Bedfordshire-based trial will make use of ten Renault Zoe EVs with modified battery packs
A UK-based firm has begun a 12-month trial for an induction pad that is able to charge electric vehicles wirelessly, using a fleet of modified Renault Zoes.
Char.gy, an electric vehicle charging specialist, has developed the charging pad technology in hope that it will provide improved access to chargers for those without off-street access, as well as highlighting the importance of car sharing.
“This new charging solution will mean that in the near future, those without access to private charging via garages, driveways or other off-street parking options will be able to charge their vehicles efficiently and cable-free,” the firm said.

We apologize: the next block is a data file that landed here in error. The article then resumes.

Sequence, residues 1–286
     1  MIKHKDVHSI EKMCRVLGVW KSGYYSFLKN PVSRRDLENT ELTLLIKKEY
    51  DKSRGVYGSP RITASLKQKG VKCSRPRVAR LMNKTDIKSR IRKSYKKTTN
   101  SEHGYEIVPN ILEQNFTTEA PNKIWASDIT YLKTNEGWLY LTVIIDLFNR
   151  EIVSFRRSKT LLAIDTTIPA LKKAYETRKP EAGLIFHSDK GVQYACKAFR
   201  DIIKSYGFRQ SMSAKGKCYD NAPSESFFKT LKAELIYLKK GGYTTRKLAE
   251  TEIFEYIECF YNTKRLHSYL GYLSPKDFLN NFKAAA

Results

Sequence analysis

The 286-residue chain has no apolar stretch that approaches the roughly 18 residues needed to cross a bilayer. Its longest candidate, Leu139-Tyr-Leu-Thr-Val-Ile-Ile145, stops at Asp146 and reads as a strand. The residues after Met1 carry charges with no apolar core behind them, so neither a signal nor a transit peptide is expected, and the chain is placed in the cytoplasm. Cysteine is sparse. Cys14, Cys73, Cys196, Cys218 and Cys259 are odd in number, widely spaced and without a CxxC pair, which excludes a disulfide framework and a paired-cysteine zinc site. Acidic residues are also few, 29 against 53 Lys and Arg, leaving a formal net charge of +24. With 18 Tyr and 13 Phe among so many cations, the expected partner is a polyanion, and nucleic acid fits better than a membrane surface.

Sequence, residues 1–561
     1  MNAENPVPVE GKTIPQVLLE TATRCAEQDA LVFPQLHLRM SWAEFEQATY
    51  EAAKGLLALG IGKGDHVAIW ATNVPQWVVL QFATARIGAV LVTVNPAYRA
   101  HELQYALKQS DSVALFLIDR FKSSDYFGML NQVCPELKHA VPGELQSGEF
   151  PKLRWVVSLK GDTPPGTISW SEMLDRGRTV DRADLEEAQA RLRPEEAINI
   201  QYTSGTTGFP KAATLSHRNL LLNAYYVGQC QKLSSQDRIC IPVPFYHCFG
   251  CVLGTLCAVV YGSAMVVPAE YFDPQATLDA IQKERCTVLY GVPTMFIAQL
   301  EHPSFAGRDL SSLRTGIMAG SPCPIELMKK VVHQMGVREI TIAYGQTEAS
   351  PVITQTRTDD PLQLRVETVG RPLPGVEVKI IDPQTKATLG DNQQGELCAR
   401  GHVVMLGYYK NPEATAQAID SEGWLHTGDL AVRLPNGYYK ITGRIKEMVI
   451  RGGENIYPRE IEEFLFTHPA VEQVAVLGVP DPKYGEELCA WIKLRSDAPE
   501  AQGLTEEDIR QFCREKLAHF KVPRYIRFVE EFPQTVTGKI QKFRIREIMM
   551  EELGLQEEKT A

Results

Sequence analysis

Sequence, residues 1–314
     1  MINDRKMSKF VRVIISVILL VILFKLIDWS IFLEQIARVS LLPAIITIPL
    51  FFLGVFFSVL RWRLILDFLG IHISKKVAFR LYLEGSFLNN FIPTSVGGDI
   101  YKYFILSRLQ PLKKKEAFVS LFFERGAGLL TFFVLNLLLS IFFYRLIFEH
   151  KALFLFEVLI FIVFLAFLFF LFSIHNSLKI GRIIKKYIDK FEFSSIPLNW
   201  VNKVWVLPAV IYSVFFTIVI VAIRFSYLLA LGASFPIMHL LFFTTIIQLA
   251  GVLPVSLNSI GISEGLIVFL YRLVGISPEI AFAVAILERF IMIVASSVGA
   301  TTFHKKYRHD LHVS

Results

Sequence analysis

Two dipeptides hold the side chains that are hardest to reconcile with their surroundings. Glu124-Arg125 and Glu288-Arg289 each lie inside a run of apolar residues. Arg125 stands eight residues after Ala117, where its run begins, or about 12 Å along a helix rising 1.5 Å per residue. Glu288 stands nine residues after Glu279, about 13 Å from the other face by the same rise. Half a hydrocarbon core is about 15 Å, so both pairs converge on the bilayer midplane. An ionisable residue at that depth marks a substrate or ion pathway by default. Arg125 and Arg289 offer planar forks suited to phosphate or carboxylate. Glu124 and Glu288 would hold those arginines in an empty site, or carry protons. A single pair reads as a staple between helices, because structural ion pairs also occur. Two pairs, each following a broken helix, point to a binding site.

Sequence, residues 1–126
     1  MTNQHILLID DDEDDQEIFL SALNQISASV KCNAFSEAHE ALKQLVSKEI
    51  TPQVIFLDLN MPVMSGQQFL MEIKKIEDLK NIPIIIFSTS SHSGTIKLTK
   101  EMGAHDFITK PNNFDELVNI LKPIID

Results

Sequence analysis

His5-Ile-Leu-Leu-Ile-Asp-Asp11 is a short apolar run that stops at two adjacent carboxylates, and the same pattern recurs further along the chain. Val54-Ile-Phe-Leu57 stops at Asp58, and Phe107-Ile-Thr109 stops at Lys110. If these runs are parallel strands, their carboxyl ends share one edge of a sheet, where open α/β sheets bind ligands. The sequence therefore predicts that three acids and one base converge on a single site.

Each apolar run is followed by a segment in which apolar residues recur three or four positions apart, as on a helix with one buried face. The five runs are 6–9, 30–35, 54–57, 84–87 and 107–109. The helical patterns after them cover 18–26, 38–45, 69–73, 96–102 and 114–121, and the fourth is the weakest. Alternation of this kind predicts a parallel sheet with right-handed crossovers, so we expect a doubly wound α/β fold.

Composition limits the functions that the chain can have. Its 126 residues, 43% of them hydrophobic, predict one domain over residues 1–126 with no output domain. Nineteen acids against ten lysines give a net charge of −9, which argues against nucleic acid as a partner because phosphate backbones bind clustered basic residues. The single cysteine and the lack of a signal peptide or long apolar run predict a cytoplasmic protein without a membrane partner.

“This infrastructure means no charging cable – potentially hazardous for other road or pavement users, and no lamppost charging, and is only activated when an EV parks over it.”
The company says the technology, which works through an electrical induction charging pad installed into the ground, has been tested extensively at Millbrook.
The pads have been developed by the University of Warwick and wireless power specialist IPT Technology, utilising similar technology currently in use by the number seven bus route in Milton Keynes.
The study will make use of ten Renault Zoe models supplied by car-sharing firm Hiyacar, each equipped with an aftermarket induction charging kit. The general public can rent one of the cars for £1 per hour or £5 per day (plus additional insurance costs) and its conventional charging cable can still be used.
The first trial is currently taking place in Marlow in Buckinghamshire, where a pad has been implemented into a dedicated parking space in Marlow’s Liston Road Car Park.
A further nine trial locations are expected to follow, spread around Buckinghamshire and Milton Keynes. The Open University, also based in Milton Keynes, will gather research based on driver feedback about the project to gauge its success.